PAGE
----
The purpose of the current research is to determine if status and non‐status seeking Australian teenagers differ in their attitudes toward buying domestic and foreign (i.e. Italy, Japan, China) luxury brand apparel.
A total of 365 teenagers participated in this study through a self‐completed questionnaire. Fishbein's Multi‐Attribute Attitude Model was used to measure and compare attitudes toward buying domestic and foreign made apparel. Repeated measure ANOVA and t‐tests were utilized to examine whether the groups differed with regards to their attitudes toward buying luxury brand apparel, using a comparison of apparels “Made in Australia” with those “Made in Italy”, “Made in Japan” and “Made in China”.
The research findings indicate that status‐seeking teenagers have overall, a more positive attitude toward foreign luxury brand apparel as compared to Australian luxury brands, with the exception of Chinese brands. On the other hand, non‐status seeking teenagers reported that they have more positive attitude towards Australian brands than foreign brands, and consider Australian luxury brands superior to all three foreign brands with regards to ease of care and comfort.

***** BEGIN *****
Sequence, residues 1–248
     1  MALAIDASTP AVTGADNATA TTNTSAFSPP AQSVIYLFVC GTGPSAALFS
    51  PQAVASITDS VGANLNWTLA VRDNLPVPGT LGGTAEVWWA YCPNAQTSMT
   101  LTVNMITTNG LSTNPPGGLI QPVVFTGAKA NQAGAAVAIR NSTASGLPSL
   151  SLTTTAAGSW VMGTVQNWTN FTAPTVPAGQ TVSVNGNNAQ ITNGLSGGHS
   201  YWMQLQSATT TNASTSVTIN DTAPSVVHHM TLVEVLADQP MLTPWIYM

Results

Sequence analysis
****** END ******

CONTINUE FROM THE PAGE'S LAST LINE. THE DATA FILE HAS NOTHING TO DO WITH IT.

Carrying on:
The findings is only limited to Australian teenagers and cannot be generalized to other nationalities or age cohorts.
The study suggests that the Australian apparel industry should concentrate its marketing strategy on enhancing the attributes of “fashionable” and “brand name” of Australian apparel that both status and non‐status seeking teenagers prefer in foreign apparel.
The paper fills a gap in the literature by validating the study in Australia and focusing on the attitudes of status (and non status) seeking teenagers.
Phau, I. and Siew Leng, Y. (2008), "Attitudes toward domestic and foreign luxury brand apparel: A comparison between status and non status seeking teenagers", Journal of Fashion Marketing and Management, Vol. 12 No. 1, pp. 68-89. https://doi.org/10.1108/13612020810857952
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